Like many things, I suspect that the kind of bagel one likes is the kind of bagel one had as a child. According to the various articles that have come to me as I trawl the internet, there are two kinds of bagels: the good ones, and the bad ones. The New York Times, unsurprisingly, takes as fact that the New York Bagel (whatever that is) is the standard to aspire to. But worry not, as apparently there are also bagels in places like Montreal and the Bay Area that will serve in a pinch.
Personally, I guess I am a bit of a bagel heathen: I always preferred the somewhat fluffy type of bagel found at a place like Noah’s over the “better” kind–which, as far as I can tell, is just denser. (This is judging by the bagels from the NYTimes-heralded Beauty’s.) I have, however, always liked homemade bagels, of any variety. The first recipe I tried was from somewhere on the internet; I thought it was the NYTimes (again) but I can’t find it now. Recently, though, I’ve made the recipe from Reinhardt’s book a few times and it has always been wonderful. The bagel is more of the New York style, and I think it is my favorite so far–so I guess home-cooked trumps regional prejudices yet again.
[Again from Peter Reinhart’s Artisan Breads Every Day]
Dough [makes 8 bagels] (I always do this by weight)
1 Tbsp (20 g) barley malt syrup or honey
1 tsp (3 g) yeast
1.5 tsp (11 g) salt
1 Cup + 2 Tbsp (250 g) water
3.5 Cup (450 g) flour
Poaching Liquid (I don’t do this by weight)
2 to 3 quarts water (I don’t measure, just fill up at least 4″ of a big pot)
1.5 Tbsp barley malt syrup or honey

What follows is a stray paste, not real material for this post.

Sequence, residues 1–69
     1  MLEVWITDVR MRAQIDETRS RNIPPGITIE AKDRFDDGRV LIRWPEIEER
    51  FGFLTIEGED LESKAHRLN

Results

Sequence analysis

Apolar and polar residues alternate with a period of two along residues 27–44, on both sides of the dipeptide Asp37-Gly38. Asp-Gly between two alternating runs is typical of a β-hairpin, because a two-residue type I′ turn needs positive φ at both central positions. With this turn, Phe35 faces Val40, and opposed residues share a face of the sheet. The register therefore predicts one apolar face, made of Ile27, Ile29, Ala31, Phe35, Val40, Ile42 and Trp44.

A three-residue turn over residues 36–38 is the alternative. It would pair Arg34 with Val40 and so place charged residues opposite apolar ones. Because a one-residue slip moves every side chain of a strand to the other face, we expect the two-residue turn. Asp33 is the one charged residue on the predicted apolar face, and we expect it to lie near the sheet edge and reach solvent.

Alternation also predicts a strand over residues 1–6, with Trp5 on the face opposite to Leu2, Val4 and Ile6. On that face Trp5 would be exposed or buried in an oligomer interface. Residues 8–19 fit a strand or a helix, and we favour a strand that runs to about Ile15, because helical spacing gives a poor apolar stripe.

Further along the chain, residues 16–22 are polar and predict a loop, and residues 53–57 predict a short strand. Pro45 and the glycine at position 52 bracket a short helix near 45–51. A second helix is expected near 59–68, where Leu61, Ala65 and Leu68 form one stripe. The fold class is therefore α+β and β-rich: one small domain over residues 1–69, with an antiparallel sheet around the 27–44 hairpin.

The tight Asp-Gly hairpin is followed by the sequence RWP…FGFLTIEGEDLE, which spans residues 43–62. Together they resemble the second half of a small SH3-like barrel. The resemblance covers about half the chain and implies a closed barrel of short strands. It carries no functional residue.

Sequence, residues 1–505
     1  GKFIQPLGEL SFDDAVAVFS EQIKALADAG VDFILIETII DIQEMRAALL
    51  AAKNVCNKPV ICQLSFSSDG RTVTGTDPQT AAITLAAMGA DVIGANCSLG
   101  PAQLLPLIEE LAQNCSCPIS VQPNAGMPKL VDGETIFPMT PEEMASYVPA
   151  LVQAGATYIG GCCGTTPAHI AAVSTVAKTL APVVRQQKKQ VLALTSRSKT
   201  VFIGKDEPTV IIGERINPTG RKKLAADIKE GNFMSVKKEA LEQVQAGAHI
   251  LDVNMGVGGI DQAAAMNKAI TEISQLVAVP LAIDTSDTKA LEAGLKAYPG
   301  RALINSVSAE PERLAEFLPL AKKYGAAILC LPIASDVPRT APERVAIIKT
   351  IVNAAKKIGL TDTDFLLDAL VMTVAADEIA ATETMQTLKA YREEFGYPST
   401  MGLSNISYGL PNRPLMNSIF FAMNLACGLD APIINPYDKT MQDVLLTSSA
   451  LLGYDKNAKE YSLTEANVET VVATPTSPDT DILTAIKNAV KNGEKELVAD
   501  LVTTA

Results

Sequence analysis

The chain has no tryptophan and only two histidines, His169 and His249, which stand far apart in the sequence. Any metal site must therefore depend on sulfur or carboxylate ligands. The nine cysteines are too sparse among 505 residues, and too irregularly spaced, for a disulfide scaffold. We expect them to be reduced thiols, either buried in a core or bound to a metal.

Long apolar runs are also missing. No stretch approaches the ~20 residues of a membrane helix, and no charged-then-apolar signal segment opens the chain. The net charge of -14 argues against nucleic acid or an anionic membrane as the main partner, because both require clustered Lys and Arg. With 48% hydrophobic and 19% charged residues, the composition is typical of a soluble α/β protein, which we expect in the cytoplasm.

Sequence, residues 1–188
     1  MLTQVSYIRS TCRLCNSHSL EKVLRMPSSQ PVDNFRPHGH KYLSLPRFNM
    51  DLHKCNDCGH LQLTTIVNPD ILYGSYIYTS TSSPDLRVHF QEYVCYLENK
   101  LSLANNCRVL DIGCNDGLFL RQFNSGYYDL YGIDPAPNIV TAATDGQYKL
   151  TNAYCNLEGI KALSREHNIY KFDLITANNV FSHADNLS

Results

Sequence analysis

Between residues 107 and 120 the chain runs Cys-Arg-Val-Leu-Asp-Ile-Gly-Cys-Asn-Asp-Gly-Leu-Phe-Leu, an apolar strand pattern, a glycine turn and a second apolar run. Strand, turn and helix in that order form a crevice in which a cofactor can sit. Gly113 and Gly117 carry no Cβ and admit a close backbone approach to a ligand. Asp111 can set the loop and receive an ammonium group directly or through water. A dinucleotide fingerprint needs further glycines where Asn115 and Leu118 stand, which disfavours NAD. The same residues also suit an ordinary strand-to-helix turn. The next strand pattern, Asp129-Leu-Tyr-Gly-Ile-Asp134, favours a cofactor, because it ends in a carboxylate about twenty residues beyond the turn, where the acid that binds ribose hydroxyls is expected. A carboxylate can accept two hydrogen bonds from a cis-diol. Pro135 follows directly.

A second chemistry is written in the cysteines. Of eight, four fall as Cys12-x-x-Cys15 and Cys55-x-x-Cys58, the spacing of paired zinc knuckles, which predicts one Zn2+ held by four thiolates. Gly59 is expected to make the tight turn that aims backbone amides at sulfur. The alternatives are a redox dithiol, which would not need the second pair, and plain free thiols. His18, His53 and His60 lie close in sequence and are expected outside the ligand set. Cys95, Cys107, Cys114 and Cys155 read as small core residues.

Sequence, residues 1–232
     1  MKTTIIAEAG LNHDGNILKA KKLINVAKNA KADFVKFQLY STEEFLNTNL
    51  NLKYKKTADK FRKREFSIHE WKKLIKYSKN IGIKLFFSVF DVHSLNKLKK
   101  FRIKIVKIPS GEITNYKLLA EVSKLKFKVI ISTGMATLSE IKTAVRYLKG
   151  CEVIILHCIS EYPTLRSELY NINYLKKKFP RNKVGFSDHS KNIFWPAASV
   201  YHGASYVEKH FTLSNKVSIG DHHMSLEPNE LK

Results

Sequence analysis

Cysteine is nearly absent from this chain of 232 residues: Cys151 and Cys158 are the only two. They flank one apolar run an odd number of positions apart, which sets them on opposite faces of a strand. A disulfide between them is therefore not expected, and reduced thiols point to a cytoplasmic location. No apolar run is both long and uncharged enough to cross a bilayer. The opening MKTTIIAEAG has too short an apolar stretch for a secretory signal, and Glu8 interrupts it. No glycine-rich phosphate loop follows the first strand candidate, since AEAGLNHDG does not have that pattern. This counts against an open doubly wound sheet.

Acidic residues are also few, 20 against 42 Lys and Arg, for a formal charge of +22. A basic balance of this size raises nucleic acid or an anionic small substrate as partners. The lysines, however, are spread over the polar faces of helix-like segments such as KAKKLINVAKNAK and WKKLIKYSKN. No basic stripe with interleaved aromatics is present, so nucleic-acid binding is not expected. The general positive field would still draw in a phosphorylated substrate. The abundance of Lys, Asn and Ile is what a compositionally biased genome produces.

1 Tbsp baking soda
1 tsp salt
Combine the dough in a large bowl and mix. Then mix some more, kneading some if you like, until well combined. You want to develop the gluten a bit here, but we’re not going to do any of that stretch-and-fold stuff that Reinhardt normally calls for (he doesn’t here). Cover and let rise for one hour, then refrigerate overnight.
Preheat oven to 500 F. Separate the dough into 8 pieces. For each piece, roll into a rope-shape (Anna likes to insert raisins + cinnamon here) and them wrap around your hand and squish the ends together. Roll it off your fist and you’ve got a bagel!
Fill the poaching pot with (cold) water. Put one bagel in it, and if it floats you’re ready to go. If it doesn’t, wait 20 minutes and try again. Bring the water to a boil (without the bagels in it), then add the honey, soda, and salt to the water. Boil the bagels one minute per side (I can do 4 at a time in our pot). Put the bagels on a greased or oiled and parchment lined baking sheet–you really need the oil or it will stick to the parchment paper. I put them in the same orientation that I first put them into the poaching pot, as I think it looks a little nicer, but it really doesn’t make a difference.
Put them in the oven, lower the heat to 450 F, and bake for about 14 minutes. If they get too black on the bottom, but an empty baking sheet on a rack beneath the main sheet (mine always require this).
I’ve done up to 50% whole wheat successfully (and haven’t tried higher), with slightly more water, and they come out (unsurprisingly) somewhat denser. I once used barley malt syrup when I had some left over from a beer brewing (more on that later!), and didn’t notice a difference from the honey bagels–but I also used 50% whole wheat that time, and that difference probably swamped the difference in sugars.